The management of antlers on farmed deer
Ratification Date: 20 Jan 2012
Deer velveting must be carried out by a veterinarian or by a deer farmer trained and accredited under the National Velveting Accreditation Scheme (NVAS).
A stag or buck with a full set of hard antlers is a danger to humans, to other deer and to themselves. To prevent unnecessary harm, the antlers of farmed deer should be removed either while still growing (a process called velveting), or after the antlers harden and become insensitive. Velveting involves effective handling and restraint of the animals and the application of appropriate analgesia, since the growing antler is fully sensitive. To cut velvet antler without analgesia is inhumane and unacceptable.
Deer are farmed for the production of venison and velvet antler, or for the sale of breeding stock to other deer farmers. The principles of farming deer are the same as for cattle, sheep and goats, and it is in the management of antlers that the main difference occurs between deer and the other farm ruminants. For all the deer species farmed in Australia only the males grow antlers, which grow and are cast annually in a process that is quite unique to the Family Cervidae. The growth and casting of antlers is mediated through serum testosterone (T) levels, which are basal when antlers are cast and then at the end of the antler growth period in autumn the T level rises sharply during the hardening of the antlers and the rubbing of velvet.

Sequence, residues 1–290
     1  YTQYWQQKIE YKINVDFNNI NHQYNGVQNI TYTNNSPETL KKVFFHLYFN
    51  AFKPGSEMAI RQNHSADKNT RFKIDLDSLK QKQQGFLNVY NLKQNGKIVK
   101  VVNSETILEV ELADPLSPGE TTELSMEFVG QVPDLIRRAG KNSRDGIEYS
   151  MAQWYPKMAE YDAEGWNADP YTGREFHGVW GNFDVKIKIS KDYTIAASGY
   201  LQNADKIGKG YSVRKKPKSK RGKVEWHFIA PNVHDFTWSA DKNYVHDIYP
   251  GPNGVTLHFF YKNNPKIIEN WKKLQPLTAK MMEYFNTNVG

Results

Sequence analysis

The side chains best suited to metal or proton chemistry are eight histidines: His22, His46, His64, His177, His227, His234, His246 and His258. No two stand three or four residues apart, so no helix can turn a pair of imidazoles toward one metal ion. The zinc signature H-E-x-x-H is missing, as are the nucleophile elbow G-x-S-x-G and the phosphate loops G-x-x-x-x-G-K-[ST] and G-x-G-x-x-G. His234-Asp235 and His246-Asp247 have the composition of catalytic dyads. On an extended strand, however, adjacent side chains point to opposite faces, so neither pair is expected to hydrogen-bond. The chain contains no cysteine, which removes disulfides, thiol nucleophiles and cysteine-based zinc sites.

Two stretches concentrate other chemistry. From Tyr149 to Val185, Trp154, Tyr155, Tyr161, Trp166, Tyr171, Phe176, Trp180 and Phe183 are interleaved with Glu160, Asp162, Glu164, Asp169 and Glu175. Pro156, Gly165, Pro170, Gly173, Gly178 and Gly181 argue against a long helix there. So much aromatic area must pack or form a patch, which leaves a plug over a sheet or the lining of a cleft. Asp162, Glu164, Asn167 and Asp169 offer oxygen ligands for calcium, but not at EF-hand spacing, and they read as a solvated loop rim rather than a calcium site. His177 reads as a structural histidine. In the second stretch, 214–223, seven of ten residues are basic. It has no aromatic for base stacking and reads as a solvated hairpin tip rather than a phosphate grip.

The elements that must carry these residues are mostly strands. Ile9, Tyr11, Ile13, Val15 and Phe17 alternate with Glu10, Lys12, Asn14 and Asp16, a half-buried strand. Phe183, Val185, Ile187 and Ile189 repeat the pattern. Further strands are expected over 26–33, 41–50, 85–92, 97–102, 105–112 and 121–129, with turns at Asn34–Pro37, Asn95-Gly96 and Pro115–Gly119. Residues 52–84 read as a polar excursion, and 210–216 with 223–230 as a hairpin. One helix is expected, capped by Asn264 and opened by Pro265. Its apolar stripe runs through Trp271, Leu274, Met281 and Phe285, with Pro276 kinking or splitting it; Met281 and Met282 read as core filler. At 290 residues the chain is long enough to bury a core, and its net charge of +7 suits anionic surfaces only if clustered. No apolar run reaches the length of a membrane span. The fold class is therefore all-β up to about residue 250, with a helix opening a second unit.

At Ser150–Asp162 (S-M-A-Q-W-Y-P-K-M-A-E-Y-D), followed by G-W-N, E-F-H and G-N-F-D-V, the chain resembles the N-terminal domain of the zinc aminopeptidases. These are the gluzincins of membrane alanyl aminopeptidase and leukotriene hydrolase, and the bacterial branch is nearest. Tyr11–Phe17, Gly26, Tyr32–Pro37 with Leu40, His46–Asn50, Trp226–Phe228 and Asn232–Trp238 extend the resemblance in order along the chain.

Evolution is designed to have the males in hard antler in time for the onset of the rut, with high levels of serum T making them very aggressive during the breeding season. On the other hand, the T levels are low at the time that the velvet antler is harvested, making it much easier to handle the deer than it would be if the antlers are allowed to harden. Most velvet antler is cut at or around 65 days after the previous antler buttons are cast. The buttons are the result of cutting the velvet antler no less than 2 cm above the coronet, with the buttons hardening and being cast when the full antler would have cast.
Deer of temperate origin (fallow deer Dama dama, red deer Cervus elaphus and red deer or elk hybrids) make up 90 per cent of farmed deer in Australia. In these animals the males have very seasonal behaviour patterns, with the periodicity of reproduction being a consequence of the secretion of melatonin by the pituitary gland in response to declining daylight length. Deer of tropical origin, namely chital deer, Axis axis, rusa deer, Cervus timorensis, and sambar deer, C. unicolour, make up only about 10 per cent of the national deer herd. I In these tropical species there is less seasonal periodicity in the reproductive cycle, and consequently also in their antler cycles. In fact some individuals in these species may not cast their antlers annually, and they may not cast their antlers for two years.